When in 175 BC, Antiochus Epiphanes became King of Syria, all citizens had to embrace the Greek religion and culture. In Judea, Sabbath observance was outlawed, kosher* laws and circumcision forbidden and those found practicing Judaism were killed. By sacrificing pigs on the altar and erecting a statue of Zeus, the Jerusalem Temple was desecrated.
Some Jews complied with Antiochus’ decrees. Others became secret believers or chose to become martyrs.
In 167 BC, Mattathias, the village elder and priest of Modi’in, refused to kill the Greek’s sacrificial pig and eat its flesh. When someone offered to perform the rites instead, Mattathias became so enraged that he killed the man. In the ensuing riot, the Greek soldiers were killed by Mattathias, his five sons and some villagers. Together with a group of people who were faithful to the Lord, Mattathias hid in the hills of the Judean Desert. From this area they conducted guerrilla attacks against the Greeks. After the death of Mattathias, Judah became the military leader. His nickname “Maccabee” is probably derived from the acronym: “Mi kamocha ba’elim Adonai” – “Who is like you among the gods, oh LORD”.
Even though Jerusalem’s Temple was liberated by the Maccabees in 164 BC, it was only in 142 BC that Judean independence was achieved.
As sole survivor of the family, Judah’s brother Simon became the High Priest and ruler. This was the beginning of the Hasmonean dynasty, which continued until the Roman occupation of Judea in 63 BC.
Chanukah (dedication) refers to the re-dedication and cleansing of the Second Temple in 164 BC. There was only a one-day supply of pure (kosher*) olive oil to light the Temple’s Menorah* (seven-branched candelabra). The Menorah was lit, and miraculously burned for eight days.
In Jesus’ time, Chanukah was called the “Feast of Dedication." “Then came the 'Feast of Dedication' at Jerusalem. It was winter, and Jesus was in the temple area walking in Solomon’s Colonnade.” John 10:22-23 (NIV)
The Temple in Jerusalem was the Jewish religious and national symbol. After its destruction, the religious focus moved to the synagogue. Rabbis switched to the “oil legend” (the miracle that kept the Temple’s Menorah burning for eight days). As a visual and hopeful reminder that miracles still happened, people began to light oil lamps in their houses.
Not wanting to irk the Roman occupiers, the Jewish military aspect of the Festival diminished.
Only in the 19th century, with the emergence of the Zionist movement and Jewish nationalism, Chanukah’s military aspect re-surfaced. The Jewish people took courage in remembering the strength and courage of the Maccabees.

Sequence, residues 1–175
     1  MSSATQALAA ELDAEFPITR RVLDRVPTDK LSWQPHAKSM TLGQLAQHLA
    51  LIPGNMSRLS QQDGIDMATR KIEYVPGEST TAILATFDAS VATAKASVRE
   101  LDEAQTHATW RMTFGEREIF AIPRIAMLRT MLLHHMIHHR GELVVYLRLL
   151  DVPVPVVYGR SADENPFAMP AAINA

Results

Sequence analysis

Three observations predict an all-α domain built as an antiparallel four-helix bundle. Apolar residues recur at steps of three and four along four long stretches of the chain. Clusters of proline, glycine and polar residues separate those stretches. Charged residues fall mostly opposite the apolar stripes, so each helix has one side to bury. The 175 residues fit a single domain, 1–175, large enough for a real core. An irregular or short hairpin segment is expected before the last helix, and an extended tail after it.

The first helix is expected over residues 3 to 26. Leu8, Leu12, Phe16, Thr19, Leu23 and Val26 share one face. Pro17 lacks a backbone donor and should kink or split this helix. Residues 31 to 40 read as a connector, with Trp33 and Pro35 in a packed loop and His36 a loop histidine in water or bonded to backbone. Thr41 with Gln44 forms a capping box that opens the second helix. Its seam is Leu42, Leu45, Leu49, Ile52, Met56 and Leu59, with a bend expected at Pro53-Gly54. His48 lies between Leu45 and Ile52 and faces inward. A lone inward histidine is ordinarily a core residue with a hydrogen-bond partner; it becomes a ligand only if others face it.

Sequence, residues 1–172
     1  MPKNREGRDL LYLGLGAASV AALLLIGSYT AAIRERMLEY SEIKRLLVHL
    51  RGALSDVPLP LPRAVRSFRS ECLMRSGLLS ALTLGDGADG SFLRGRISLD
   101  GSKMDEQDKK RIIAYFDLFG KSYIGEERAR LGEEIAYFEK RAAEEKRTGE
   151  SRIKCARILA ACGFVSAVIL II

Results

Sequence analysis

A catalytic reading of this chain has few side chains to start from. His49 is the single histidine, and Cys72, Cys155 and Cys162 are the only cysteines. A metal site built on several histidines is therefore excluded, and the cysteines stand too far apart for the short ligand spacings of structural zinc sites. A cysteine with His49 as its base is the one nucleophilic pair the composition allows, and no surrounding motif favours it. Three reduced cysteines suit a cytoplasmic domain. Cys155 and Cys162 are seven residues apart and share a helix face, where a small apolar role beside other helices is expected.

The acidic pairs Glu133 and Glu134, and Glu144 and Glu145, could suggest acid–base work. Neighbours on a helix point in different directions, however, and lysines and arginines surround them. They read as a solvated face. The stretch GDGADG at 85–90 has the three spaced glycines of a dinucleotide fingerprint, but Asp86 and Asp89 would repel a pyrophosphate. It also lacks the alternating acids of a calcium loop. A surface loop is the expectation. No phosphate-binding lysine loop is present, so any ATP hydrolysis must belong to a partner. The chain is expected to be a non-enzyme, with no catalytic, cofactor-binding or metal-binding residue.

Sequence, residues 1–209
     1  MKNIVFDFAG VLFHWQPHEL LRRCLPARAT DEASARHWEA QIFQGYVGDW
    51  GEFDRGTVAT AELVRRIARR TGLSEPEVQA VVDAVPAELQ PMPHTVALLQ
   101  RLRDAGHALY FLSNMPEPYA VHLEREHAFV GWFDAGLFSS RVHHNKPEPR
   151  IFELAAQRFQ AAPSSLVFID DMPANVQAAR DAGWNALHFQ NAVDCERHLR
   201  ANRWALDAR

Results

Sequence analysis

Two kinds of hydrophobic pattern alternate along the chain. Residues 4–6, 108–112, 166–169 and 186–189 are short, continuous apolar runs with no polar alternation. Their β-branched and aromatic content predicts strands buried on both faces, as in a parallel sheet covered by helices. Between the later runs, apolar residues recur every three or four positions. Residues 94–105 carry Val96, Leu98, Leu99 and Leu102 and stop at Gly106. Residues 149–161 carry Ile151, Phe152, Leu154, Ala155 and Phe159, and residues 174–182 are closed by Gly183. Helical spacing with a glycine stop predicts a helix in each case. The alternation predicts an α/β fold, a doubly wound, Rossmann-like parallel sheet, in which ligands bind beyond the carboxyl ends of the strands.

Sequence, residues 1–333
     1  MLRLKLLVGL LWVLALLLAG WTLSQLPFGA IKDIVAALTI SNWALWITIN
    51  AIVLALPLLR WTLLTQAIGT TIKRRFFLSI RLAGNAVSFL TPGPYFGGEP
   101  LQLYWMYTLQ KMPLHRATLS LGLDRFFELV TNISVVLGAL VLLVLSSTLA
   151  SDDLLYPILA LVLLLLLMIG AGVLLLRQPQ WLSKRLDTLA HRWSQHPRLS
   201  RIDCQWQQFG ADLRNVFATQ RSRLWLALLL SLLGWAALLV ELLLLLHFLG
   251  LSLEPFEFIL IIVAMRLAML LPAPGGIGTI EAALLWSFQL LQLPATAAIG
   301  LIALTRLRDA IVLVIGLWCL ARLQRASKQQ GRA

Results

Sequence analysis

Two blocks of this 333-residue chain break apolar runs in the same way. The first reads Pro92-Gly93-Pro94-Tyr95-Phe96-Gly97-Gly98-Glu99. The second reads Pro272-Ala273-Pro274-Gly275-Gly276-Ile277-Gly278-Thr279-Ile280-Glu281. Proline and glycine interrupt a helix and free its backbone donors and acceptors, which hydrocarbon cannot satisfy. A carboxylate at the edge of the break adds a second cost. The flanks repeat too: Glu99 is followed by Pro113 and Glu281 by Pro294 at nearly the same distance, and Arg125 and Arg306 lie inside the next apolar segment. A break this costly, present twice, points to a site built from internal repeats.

The festival is observed by kindling lights of a unique candelabrum, the nine-branched Menorah or Chanukiah*. It has eight branches with an additional raised branch. The extra light is called a shamash* (attendant or sexton) and used to kindle the other candles.
Religious neighbourhoods have outdoor chanukiot placed along the streets.
On the first night of the Festival, public candle-lightning ceremonies are held all over the world. On each night, an additional light is kindled, until all candles burn on the eighth and final night.
After the lighting of the candles it is tradition to sing the hymn Ma'or Tzur (see below). The song contains six stanzas. The first and last deal with general themes of divine salvation; the middle four deal with events of persecution in Jewish history, and praise God for survival despite these tragedies:
The exodus from Egypt, the Babylonian captivity, the miracle of the holiday of Purim, and the Hasmonean victory over the Greeks.
A popular (non-literal translation) is called "Rock of Ages". Based on the German version by Leopold Stein (1810–1882), it was written by Talmudic linguist Marcus Jastrow and Gustav Gottheil.
My Refuge my Rock of salvation!
'Tis pleasant to sing to your praises.
Let our house of prayer be restored.
And there we will offer You our thanks.
When You will have utterly silenced the loud-mouthed foe.
Then we will celebrate with song and psalm the altar's dedication.
ROCK OF AGES
Rock of Ages, let our song, praise Thy saving power;
Thou, amidst the raging foes, wast our sheltering tower.
Furious they assailed us, but Thine arm availed us,
And Thy Word broke their sword, when our own strength failed us.
Kindling new the holy lamps, priests, approved in suffering,
Purified the nation's shrine, brought to God their offering.
And His courts surrounding, hear, in joy abounding,
Happy throngs, singing songs with a mighty sounding.
Children of the martyr race, whether free or fettered,
Wake the echoes of the songs where ye may be scattered.
Yours the message cheering, that the time is nearing
Which will see, all men free, tyrants disappearing
From the book: Remember, Observe, Rejoice © by Petra van der Zande, which may be purchased from Lulu Press by clicking here. Used with permission.